I’ve seen references to both “COMMAND.COM” and “CMD.EXE” as being called “the DOS prompt” in Windows XP. When I run each, via Start-Run, they seem similar, and yet I can tell that there are differences. For example I can’t figure out how to “CD” to the “Program Files” directory using COMMAND.COM. What are they, and which should I use?
My advice is simple: forget about COMMAND.COM. It has a long, and venerable history, but for most practical purposes, it’s no longer needed.
Understanding why is a trip down memory lane for MS-DOS and Windows.
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As you probably know, MS-DOS was the predecessor to Windows. It was character mode only, and you ran programs by typing their name at the command prompt. MS-DOS was created when 16 bit processors were becoming popular, and its widespread adoption is credited with kick starting the rise in popularity of the personal computer.
Then two things happened: Windows, and 32 bit processors. Fast forward to today, and MS-DOS has pretty much disappeared from the landscape – Windows, and its rich graphical interface, is everywhere. The same is true for the 16bit processor. Most all contemporary machines are built on various flavors of 32bit processors.
What does all that have to do with COMMAND.COM and CMD.EXE? It’s quite simple really: CMD.EXE is a command line processor for 32bit Windows. Much like MS-DOS before it, it provides a character-mode only user interface into which you can type commands to run programs. CMD.EXE is a 32 bit program that is fully a part of Windows – in fact it’s what gets run when you select Command Prompt on the Windows Accessories menu.
COMMAND.COM, on the other hand, exists only for compatibility and 16bit programs. It exists solely for those programs which have not been updated since the days of MS-DOS. It’s designed to run 16bit applications, and operates just like the old MS-DOS did.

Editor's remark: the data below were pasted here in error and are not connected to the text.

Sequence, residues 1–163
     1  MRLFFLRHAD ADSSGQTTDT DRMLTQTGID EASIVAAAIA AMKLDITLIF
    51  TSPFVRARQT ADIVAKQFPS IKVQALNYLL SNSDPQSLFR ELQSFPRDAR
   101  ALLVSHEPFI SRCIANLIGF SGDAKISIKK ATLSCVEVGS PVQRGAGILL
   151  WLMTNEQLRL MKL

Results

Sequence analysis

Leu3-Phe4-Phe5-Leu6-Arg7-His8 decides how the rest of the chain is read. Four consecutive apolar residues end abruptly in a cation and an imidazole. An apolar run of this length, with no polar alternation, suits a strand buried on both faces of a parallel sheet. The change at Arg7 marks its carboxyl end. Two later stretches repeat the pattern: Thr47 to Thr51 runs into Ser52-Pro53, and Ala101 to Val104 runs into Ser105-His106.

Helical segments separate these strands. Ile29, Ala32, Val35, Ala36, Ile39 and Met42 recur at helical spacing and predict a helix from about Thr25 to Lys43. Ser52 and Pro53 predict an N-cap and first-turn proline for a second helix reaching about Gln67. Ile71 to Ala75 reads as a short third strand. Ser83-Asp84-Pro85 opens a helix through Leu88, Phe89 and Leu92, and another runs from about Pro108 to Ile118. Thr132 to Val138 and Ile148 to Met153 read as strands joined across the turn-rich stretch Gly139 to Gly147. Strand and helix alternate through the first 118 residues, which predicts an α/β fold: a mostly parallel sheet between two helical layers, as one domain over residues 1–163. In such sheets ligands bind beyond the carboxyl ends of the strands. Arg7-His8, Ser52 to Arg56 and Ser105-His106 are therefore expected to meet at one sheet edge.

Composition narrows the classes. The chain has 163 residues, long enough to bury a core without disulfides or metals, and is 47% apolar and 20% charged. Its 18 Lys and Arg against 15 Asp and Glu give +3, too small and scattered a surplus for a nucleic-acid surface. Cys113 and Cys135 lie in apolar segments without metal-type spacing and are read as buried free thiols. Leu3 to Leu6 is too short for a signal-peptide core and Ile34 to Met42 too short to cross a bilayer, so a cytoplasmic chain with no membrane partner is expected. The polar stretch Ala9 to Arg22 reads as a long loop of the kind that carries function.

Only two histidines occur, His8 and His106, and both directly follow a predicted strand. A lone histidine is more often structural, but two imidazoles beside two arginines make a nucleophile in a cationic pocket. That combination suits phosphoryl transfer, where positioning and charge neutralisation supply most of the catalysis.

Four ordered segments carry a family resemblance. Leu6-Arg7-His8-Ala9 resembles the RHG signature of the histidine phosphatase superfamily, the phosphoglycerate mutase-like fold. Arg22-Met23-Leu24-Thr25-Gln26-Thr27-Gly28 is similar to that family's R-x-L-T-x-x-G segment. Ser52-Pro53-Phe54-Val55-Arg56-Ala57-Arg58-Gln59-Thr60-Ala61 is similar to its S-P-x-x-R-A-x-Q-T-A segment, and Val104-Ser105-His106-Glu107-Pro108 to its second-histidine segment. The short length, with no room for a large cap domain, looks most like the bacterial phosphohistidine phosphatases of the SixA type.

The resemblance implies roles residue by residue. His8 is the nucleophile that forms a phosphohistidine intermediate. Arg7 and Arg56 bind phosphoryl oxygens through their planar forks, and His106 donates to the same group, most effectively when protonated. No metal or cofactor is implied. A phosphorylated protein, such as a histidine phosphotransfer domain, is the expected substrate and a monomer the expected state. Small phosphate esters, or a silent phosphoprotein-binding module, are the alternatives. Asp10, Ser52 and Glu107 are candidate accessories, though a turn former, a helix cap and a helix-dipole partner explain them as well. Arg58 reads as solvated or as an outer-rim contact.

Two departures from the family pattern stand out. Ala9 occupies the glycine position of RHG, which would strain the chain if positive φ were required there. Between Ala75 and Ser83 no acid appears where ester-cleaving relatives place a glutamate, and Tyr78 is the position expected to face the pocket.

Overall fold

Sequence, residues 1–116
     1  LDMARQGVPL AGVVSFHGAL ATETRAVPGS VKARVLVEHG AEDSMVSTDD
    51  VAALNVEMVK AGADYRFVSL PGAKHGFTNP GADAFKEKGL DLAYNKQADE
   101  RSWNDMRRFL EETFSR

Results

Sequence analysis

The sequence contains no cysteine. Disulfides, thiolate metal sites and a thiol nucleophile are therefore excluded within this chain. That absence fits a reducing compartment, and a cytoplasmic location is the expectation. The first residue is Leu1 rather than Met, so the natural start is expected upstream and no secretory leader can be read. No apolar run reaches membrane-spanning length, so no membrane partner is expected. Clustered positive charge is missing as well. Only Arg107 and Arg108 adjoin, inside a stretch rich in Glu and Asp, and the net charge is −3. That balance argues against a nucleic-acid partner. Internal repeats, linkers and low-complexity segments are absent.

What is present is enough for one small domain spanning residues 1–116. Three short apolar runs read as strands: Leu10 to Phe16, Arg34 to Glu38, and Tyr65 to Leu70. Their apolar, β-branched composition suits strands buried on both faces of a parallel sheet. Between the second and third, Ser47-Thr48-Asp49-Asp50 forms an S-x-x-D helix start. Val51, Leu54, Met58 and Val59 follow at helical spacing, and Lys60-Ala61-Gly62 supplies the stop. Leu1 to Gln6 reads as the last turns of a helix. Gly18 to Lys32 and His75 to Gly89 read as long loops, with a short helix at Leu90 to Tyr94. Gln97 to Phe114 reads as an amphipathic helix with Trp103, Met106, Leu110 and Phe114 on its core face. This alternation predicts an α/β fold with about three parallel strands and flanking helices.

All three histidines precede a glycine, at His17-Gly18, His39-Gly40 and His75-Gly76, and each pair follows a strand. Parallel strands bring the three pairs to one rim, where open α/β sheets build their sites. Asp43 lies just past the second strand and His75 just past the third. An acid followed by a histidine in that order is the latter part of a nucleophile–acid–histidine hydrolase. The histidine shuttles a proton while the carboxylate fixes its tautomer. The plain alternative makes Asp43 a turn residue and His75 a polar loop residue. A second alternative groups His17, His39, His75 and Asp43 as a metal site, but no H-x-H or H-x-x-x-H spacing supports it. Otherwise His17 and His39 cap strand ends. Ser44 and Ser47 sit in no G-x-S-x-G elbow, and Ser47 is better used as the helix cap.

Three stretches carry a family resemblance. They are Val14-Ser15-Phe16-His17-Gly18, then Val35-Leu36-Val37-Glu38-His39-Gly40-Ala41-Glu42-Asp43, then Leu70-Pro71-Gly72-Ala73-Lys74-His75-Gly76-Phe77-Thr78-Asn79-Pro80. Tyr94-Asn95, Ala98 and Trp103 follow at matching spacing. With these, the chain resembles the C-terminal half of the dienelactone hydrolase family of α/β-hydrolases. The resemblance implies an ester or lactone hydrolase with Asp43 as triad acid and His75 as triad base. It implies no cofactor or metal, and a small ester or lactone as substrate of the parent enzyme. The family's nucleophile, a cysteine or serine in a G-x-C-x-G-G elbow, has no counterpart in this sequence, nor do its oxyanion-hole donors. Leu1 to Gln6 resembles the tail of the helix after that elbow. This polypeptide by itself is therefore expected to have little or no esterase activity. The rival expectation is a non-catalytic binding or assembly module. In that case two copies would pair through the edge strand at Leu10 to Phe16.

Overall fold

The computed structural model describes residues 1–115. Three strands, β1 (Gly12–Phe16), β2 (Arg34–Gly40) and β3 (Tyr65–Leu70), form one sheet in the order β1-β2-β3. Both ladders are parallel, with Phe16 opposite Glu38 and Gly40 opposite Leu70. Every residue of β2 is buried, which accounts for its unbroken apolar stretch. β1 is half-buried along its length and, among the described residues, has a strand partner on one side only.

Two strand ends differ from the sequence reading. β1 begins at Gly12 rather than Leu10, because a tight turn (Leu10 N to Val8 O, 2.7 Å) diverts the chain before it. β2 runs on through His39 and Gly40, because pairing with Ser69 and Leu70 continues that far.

On the surface, they’re very similar. Even though CMD.EXE was a complete re-write, it’s based on the same concepts and similar syntax. But the differences become quickly apparent. Let’s used your “CD” example from above.
In CMD.EXE, you can change to the “Program files” directory by doing this:
cd "\Program Files"
Note the quotes around the directory name. Try doing that in COMMAND.COM and you’ll get this:
cd "\Program Files" Parameter format not correct - "\program
The problem is COMMAND.COM doesn’t know about long file names (filenames longer than 8.3) or filenames that have spaces in them, and it doesn’t have a way to quote the name. So if you still need to, how do you CD to that directory in COMMAND.COM? Well, first you need to find out the alternate, 8.3 name of that directory … its short name:
dir /x Directory of C:\ 08/21/2005 09:50 AM <DIR> PROGRA~1 Program Files
(I’ve removed some of the lines of output for brevity.) The “/X” parameter to DIR tells it to include the “shortname” in the output. In this case that’s “PROGRA~1”, a machine generated alternative name for “PROGRAM FILES”. Now we can CD to that in COMMAND.COM:
cd progra~1 dir Volume in drive C is Volume Serial Number is B026-62CA Directory of C:\PROGRA~1 08/21/2005 09:50 AM <DIR> . 08/21/2005 09:50 AM <DIR> .. 03/24/2005 04:42 PM <DIR> Adobe ...etc...
The bottom line is actually quite simple: use CMD.EXE unless you know you need COMMAND.COM for compatibility with some older 16bit program. And even then, if you try and run a 16 bit program in CMD.EXE, it will typically run it within COMMAND.COM for you anyway, so you still may not need to know or care.
And in case you’re wondering, yes … something similar is coming down the road as 64 bit processors begin to arrive. The 64bit version of Windows does, I believe, include another command processor, one for native 64bit command-line programs.